As the autocratic rule that has dominated the Middle East for decades continues to unravel, volatility in the global oil markets continues to point toward one overriding concern: How can we maintain an oil-flow balance in the face of this escalating uncertainty?
Global oil prices spiked to their highest levels in more than two years on Friday because of worries that the unrest and resulting production curbs in Libya would spread to other oil-exporting countries.
Oil prices retreated a bit yesterday (Monday) in the aftermath of several developments that investors perceived as positive. In the first, reports said that Libyan protesters were allowing oil shipments to resume from certain parts of the country. And in the second, Khalid Al-Falih, the head of state-owned Saudi Aramco, said that that "all incremental needs" for extra oil have been met.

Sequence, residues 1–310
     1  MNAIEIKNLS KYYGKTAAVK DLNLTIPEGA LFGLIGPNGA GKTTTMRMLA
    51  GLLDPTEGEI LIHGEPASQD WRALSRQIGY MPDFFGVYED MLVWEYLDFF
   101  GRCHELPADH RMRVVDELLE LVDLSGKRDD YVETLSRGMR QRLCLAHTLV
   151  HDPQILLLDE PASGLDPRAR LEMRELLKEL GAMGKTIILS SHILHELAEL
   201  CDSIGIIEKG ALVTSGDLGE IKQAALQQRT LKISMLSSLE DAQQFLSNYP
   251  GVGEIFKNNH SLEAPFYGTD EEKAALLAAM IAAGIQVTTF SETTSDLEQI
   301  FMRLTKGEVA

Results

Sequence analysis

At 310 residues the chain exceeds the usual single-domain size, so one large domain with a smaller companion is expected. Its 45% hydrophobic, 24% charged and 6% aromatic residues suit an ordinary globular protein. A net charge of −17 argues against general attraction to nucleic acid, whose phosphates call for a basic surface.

Of course, even with the Saudi oil supply pledge, these developments offer only a momentary respite in the Mideast crisis. Almost two-thirds of the world's known conventional oil supplies are located in the Middle East region. And the question that isn't being answered – or even asked – right now is this: Are oil supplies sustainable in the face of a longer-term crisis?
The answer to that question will leave you feeling less than sanguine.